Discalced Carmelite Friars

Province of St. Therese

Poet and Contemplative

“From the abundance of his spirit [the poet] pours out secrets and mysteries rather than rational explanation” (Prologue, The Spiritual Canticle).

“In contemplation God teaches the soul very quietly and secretly, without its knowing how, without the sound of words” (Chapter 39, The Spiritual Canticle).

In the spirit of St. John of the Cross, this blog reflects on the contemplative experience and the poetic experience, sometimes separately and distinctly, sometimes in common, as mutually enlightening.

I will also post to this blog, from time to time, my own poetry, with a short interpretive note attached.

~ Fr. Bonaventure Sauer, OCD

Setting the Table—Part One

        How a poem gets written varies from poet to poet, even from poem to poem.  Yet across the board there must be something mysterious about the process.  Why does the poet decide on just this particular word rather than another, although both appear, at least at first, to work equally well?  Why does the poet choose this image or metaphor or particular verbal rhythm and not some other?  Where do these decisions come from, and why do they seem right?  Often even the poet can’t say.  “It just seems right” is the best he or she can offer.  And usually that answer suffices—the poem does read better this way.  It means what it means better, with greater precision, resonance, and depth.
        A poem isn’t gibberish.  Yet it’s not reasoned prose either, with its whole meaning riding on the surface.  The poet does, in a manner of speaking, “speak in tongues.”  And sometimes, though not always, that “tongue” is the speech of angels.  The poem emerges from an inner abundance of spirit and seeks its precise form and verbal texture through that mysterious act which is the poet's writing of it, the process of its composition.  And all the while, as the poem comes to be, something of its hidden, mysterious origins remains.  A poem can hold its cards tight to the vest.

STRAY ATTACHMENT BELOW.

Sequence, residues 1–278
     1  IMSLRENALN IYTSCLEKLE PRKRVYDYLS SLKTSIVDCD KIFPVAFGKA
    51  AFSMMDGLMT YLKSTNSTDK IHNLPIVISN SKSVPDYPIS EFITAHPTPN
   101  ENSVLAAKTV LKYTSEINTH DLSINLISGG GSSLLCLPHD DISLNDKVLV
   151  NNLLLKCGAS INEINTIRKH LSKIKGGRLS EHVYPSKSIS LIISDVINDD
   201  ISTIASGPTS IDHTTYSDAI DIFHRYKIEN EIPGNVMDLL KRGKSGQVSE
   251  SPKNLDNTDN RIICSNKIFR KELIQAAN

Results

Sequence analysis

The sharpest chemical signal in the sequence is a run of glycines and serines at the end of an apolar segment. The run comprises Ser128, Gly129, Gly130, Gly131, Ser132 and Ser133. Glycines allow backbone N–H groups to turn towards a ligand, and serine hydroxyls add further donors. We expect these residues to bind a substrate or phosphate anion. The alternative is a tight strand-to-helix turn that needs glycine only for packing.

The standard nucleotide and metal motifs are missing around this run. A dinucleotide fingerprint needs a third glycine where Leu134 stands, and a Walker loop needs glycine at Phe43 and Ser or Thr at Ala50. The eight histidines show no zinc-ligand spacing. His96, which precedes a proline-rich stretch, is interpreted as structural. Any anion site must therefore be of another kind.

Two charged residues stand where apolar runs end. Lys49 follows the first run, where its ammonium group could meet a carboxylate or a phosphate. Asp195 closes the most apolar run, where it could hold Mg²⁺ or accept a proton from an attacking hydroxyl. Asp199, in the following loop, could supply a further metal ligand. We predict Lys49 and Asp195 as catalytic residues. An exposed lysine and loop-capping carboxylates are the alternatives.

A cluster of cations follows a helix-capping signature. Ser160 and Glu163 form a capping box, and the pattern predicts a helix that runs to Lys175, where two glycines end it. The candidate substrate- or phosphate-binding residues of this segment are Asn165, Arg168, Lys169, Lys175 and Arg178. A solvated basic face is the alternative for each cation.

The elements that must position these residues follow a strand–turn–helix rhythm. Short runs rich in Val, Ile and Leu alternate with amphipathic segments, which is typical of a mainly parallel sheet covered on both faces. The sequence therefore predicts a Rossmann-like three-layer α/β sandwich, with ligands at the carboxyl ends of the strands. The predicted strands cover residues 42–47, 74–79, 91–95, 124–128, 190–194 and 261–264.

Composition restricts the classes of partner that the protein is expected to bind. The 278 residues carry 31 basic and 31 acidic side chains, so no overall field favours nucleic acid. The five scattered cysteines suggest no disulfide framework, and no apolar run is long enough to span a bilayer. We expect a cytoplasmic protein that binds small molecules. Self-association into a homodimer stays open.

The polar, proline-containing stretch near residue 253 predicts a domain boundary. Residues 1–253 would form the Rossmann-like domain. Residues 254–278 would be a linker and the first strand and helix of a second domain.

“From the abundance of his spirit [the poet] pours out secrets and mysteries rather than rational explanation."


        “In the beginning . . . the earth was without form or shape, with darkness over the abyss and a mighty wind sweeping over the waters—then God said:  Let there be light, and there was light.  God saw that the light was good.  God then separated the light from the darkness” (Gen. 1:1-4).
        It may sound presumptuous to say it, but these word depicting God’s very first act of creation, his proto-creation, as it were—calling forth light from the dark abyss, inspecting it, seeing that it is good, setting it in place over against the primeval  darkness—they’re not a bad depiction of poetic creation either.  But it’s not really presumptuous to make this comparison, between God’s act and the poet’s act of creation, because in doing so we're simply following Scripture's lead.  The Book of Genesis itself uses precisely poetic creation—or artistic creation, more generally speaking—as a basis in human creative action for telling the story of divine creation.
        God doesn’t create in the way a king creates, for example—by the exercise of an overmastering force that conquers, establishes a kingdom, and then reigns.  Nor does God create as a mighty warrior creates—by deeds of strength and valor that lead to the destruction one's enemies in battle and the triumph of the hero's self.
        God doesn’t create as do those persons of high degree and great wealth in our world, the movers and shakers who set their slaves to work to till their fields and reap their harvests, to build their homes and raise for them ever bigger barns, to prepare their feasts and set their tables—to raise up monuments to wealth and plenty, privilege, and all else that is their due.
        Nor does God create—no, not even in this way—as one generation creates the next--by conceiving and bearing new life within, by giving birth and then raising the newborn and the young.
        No, God creates as an artist creates, as a master craftsman making beautiful things—things that function well, as they are intended to do, but also that, necessarily, give pleasure to their creator, things which, therefore, are good.  What is more, we might say, for our purposes here, that God creates as a poet, a weaver of words, who speaks from some dark, shapeless, secret place, yet a place that is nonetheless ripe with the Spirit sweeping like a mighty wind over the waters.  And God then, having so spoken, sees that what He has said is what He meant to say--that it is, therefore, right, true, and good.


        To open this blog—and it is meant to be a rather rambling, free-floating journey, following no preordained path, aiming at no predetermined destination—I’ll take up these four verses of Scripture quoted above, Gen. 1:1-4, and ponder them in the light of my topic, Poet and Contemplative.  What does this depiction of divine creation say about poetic creation?  And what does it say about that inner re-creation of the human heart and soul that is contemplative prayer?  And how do these three—divine and poetic and contemplative, interior, spiritual creation—mutually illuminate each other?  How, in other words, can we experience God’s creative power and presence at work in us through both contemplative prayer and poetic expression?
        To be continued . . .

 Written by Bonaventure Sauer, OCD
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